Towkio has proven that he has huge potential but "Swim" is a safe single that follows the sound of others.
Chance and Towkio (Facebook)
Towkio comes from Chicago's SaveMoney group—with the likes of Chance the Rapper and Vic Mensa—and with a couple of new singles he's trying to find his own way to the heights that they've reached. After a self-released debut mixtape, .WAV Theory, and a collection of singles and features, Towkio is on his way to releasing a new LP: World Wide .WAV. He's already broken through with tracks like "Heaven Only Knows" and "Drift" but his latest single, "Swim," plays it safe. It's the closest thing to Chance's sound since Towkio's feature on Chance's own Juke Jam," and that's the wrong move.
Towkio (Preston Oshita) sounds a little uncertain on his first lines until the church organ backs him up and carries him through the first verse. He finds the rhythm but not all of the words yet, with some forced lines that try to be clever: "Said the Earth controls the moon so we control the wave"—not sure if that's true.
The choir-singers kick in after the verse and suddenly it's a Chance song (just compare it to Chance's latest track). The chorus isn't bad at all—but it's so similar that you can't help but notice. "Heaven Only Knows" admits Chance's influence with a feature by the Coloring Book indie hero (who wins that song with his verse) and does it well. But there's following the new trend of gospel hip hop—Chance, Kanye, DJ Khaled—and then there's imitating it.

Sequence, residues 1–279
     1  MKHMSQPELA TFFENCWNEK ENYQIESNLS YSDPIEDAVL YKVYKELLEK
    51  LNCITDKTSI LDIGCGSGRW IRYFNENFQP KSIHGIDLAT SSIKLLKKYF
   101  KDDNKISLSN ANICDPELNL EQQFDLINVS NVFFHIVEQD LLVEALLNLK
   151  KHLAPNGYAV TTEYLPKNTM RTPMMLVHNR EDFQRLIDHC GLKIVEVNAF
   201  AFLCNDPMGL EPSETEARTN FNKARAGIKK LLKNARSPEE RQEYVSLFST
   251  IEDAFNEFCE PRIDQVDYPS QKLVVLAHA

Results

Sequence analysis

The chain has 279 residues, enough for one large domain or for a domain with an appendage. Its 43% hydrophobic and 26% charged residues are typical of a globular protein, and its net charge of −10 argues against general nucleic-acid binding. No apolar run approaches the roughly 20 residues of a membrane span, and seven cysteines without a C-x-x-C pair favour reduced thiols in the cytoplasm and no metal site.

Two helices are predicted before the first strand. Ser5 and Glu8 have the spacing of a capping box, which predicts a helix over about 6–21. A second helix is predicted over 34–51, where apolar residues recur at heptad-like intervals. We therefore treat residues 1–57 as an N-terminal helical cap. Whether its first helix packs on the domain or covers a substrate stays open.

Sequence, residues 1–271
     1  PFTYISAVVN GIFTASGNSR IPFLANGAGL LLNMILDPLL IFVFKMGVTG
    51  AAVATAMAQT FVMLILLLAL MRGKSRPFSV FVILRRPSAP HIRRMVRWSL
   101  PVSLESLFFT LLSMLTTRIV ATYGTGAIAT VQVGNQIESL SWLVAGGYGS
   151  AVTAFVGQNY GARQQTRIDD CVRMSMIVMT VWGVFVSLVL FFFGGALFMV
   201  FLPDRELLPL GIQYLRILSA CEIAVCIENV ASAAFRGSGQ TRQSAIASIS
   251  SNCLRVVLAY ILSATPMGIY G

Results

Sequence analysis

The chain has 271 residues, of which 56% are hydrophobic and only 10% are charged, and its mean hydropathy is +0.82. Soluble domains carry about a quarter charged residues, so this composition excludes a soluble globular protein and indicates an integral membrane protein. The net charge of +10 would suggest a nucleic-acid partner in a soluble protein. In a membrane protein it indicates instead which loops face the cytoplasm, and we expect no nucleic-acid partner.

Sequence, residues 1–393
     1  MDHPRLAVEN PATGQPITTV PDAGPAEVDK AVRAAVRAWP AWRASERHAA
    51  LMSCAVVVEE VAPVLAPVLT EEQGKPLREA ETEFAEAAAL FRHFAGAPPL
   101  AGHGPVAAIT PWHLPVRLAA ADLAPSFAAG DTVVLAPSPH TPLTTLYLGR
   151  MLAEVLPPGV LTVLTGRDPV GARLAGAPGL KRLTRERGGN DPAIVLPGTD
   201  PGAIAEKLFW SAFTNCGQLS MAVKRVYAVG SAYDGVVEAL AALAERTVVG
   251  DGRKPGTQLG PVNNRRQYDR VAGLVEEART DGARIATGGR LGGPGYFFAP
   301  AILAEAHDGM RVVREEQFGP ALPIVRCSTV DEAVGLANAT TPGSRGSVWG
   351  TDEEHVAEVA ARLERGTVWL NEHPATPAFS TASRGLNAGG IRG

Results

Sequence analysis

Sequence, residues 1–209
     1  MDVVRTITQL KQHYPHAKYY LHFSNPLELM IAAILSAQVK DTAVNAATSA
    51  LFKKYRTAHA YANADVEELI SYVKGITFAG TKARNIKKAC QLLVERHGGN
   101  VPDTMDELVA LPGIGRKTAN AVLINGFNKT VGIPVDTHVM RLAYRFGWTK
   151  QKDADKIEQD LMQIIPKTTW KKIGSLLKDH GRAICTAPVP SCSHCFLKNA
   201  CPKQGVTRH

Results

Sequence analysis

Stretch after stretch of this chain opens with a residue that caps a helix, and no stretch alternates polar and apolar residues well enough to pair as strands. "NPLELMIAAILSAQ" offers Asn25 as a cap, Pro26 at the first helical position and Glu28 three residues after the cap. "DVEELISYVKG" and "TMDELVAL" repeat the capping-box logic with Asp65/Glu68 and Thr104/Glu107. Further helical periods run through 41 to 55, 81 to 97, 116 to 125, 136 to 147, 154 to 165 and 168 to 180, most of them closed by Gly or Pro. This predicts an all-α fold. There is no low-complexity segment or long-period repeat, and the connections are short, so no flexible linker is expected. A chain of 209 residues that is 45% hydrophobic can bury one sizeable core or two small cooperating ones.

It's the second verse that redeems the song with upbeat bass and a new burst of energy. The lines are tighter and better-written: "I can see everything coming to me / like oh my goodness / I see world tours, fast cars and big bootys / But I'm just focused on my contribution, my contribution / And if I die tonight just promise me that you'll listen to it." That's the flow he's capable of and it's missing from most of the track.
The organ is still there backed by a beat and that locks it all together. The chorus sounds better with the energy of the beat, too, and the song's first half would glide better with it there.
Towkio in Paris (Facebook)
"Drift," a single from earlier this year, is a totally different style of hip hop, without a hint of the Chance-church influence. The drums are fast and the lyrics sound like they're from a different rapper if you listen to "Swim" first. "I don't know them, you know I will not pretend / My only friend the ATM . . . Just a kid, at my cousin crib like the Fresh Prince / Wrist in the pot, eatin' ramen like it's Ruth Chris." The lyrics are denser with rhymes in every line over a solid rhythm that drives along with the wild beat. Between the back-and-forth with the background singers and the sound effects in the verses, "Drift" sounds like a party and, next to it, "Swim" struggles to keep up.
World Wide .WAV is set to drop this month and you can hear another single off of it, "Hot Sh*t," right now. After two EPs and a mixtape, Towkio's debut album (recorded with Rick Rubin) is going to show off his decision on the future of his sound. He has a chance to take his gospel influences further and find a place in the current evolution of hip hop. This writer's hoping for more like "Drift," where the lyrics don't lean on the music and the music doesn't lean on everyone else.
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